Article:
Even if your child has never used a computer before, he or she has a digital footprint. In an age where information is constantly shared online, it’s almost impossible to be completely offline. Whether it’s registering for preschool, scheduling a doctor’s appointment, or sharing pictures with Aunt Judy, your child’s digital footprint begins nearly at birth and only grows from there.
Even if you’re careful about what you share and with whom you share it, identity thieves can use even small snippets of personal information against your little one. Thieves use that information to gain access to credit and use your child’s squeaky clean footprint as currency. It’s up to you to protect your child’s digital footprint so it stays safe even as they start using the internet to play and learn. Make sure you’re vigilant with these steps and your child will be less of an online target.
What’s a Digital Footprint?
A digital footprint refers to the impact anyone has online. It might seem like it’s reserved for avid internet users but the truth is that almost everyone has one — even young kids. That’s because the web is used to exchange information from day one. At first, you’re the one contributing to that footprint by sharing pictures and information online. As your child gets older, however, they might share even more identifying information, expanding that digital footprint. Identity thieves can steal that information, but it’s also important to remember that a digital footprint can affect future education and job prospects. The internet is forever, and things shared online can never be completely erased. Whether it’s age, location, photos, interests, and eventually jobs, the information that contributes to your child’s digital footprint is permanent.
Sharing Might Not be Caring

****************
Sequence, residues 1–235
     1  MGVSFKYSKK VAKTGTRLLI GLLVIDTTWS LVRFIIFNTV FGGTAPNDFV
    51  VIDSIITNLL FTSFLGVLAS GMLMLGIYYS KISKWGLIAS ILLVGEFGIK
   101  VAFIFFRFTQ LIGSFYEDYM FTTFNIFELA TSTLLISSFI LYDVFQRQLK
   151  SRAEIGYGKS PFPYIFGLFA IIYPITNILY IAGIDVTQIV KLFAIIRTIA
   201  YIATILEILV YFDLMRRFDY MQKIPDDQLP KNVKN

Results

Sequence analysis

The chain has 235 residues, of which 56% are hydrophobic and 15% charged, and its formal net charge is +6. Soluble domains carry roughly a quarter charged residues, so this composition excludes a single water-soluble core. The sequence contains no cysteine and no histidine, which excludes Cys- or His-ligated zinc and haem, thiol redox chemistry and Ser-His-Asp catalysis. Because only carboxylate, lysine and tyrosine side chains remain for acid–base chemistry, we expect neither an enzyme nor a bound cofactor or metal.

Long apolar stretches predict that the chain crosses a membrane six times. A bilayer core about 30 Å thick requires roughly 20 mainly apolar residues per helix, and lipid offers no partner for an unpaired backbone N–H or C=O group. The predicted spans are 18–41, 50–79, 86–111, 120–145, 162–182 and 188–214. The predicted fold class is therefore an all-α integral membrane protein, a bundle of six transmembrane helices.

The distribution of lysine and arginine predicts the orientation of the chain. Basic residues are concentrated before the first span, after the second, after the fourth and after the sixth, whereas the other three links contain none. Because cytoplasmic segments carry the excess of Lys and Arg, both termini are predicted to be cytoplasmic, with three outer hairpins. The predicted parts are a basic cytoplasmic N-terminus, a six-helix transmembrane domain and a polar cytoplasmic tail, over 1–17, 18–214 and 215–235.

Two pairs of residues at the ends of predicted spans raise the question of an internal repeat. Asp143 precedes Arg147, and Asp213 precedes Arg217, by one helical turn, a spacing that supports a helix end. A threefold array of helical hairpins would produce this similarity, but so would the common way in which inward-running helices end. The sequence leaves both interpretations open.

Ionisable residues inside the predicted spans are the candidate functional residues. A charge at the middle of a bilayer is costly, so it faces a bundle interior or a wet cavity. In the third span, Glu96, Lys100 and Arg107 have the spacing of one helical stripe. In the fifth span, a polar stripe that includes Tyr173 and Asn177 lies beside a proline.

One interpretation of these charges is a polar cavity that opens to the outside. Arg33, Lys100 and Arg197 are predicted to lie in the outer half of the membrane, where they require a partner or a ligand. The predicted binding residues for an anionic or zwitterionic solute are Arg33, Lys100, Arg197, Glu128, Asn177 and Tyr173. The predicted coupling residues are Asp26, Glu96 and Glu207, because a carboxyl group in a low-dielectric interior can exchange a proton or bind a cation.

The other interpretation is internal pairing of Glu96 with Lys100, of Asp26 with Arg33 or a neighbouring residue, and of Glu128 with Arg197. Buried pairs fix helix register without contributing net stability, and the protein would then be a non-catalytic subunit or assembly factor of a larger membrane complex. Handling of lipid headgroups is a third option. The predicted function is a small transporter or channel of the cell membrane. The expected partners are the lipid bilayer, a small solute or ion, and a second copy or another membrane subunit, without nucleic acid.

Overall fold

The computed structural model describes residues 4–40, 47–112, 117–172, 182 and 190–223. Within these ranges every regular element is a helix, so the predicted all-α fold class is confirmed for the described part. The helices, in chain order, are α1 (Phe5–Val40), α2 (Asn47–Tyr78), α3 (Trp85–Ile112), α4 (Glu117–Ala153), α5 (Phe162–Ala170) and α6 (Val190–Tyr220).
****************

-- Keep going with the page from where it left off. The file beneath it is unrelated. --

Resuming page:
Your child’s digital footprint starts almost as soon as they are born. Think about it: Did you post a birth announcement on the happy occasion? Have you posted videos of first steps, first foods, or first trips to the zoo? We naturally want to share these things with friends and family, especially if they live far away. The internet is the perfect tool to help people stay connected, no matter where they are.
But before you share that funny video or cute photo, you might pause to think about how it could affect your child’s digital footprint. What seems totally innocuous could actually be fodder for would-be identity thieves. An innocent video, for example, could have identifying information like a street number in the background. A birth announcement posted on social media might give your child’s full name, along with parent’s names, too. While you think it’s just a way to stay in touch, identity thieves can take that information and use it to open credit cards, access accounts, or even score things like tax returns or health insurance — all in your child’s name.
Get to know COPPA
The Children’s Online Privacy Protection Act was created by the Federal Trade Commission to protect children under the age of 13. It requires websites that are geared toward kids to disclose to parents when collecting personal information or using targeted advertising. COPPA gives you a head’s up on how sites are using your child’s information and what data is being saved.
It’s OK to share a few pictures online, but do so mindfully. Make sure your privacy settings are created so that only approved friends and family can access pictures. Avoid sharing personal details like full names and birth dates. And, ask that friends and family not share pictures and videos of your child without your permission.
Talk to your child
Kids are never too young to understand the importance of online safety. Have conversations about what is and isn’t OK to post on their own social media. Try this: run a Google search on your child’s name and see what the search engine finds. You might be surprised at what information and images are readily available and associated with their name. Make sure you set boundaries around sharing online and monitor your child’s Internet usage to stop any inappropriate sharing before it becomes a problem.
Your child is likely being raised as a digital native. Technology is as much a part of his or her life as toys or games. And, while the Web is a great tool for learning and entertainment, it can be dangerous. Your child’s digital footprint can cause major problems in the future. By being mindful about what your child leaves behind online, you can be sure that sharing never leaves a negative mark.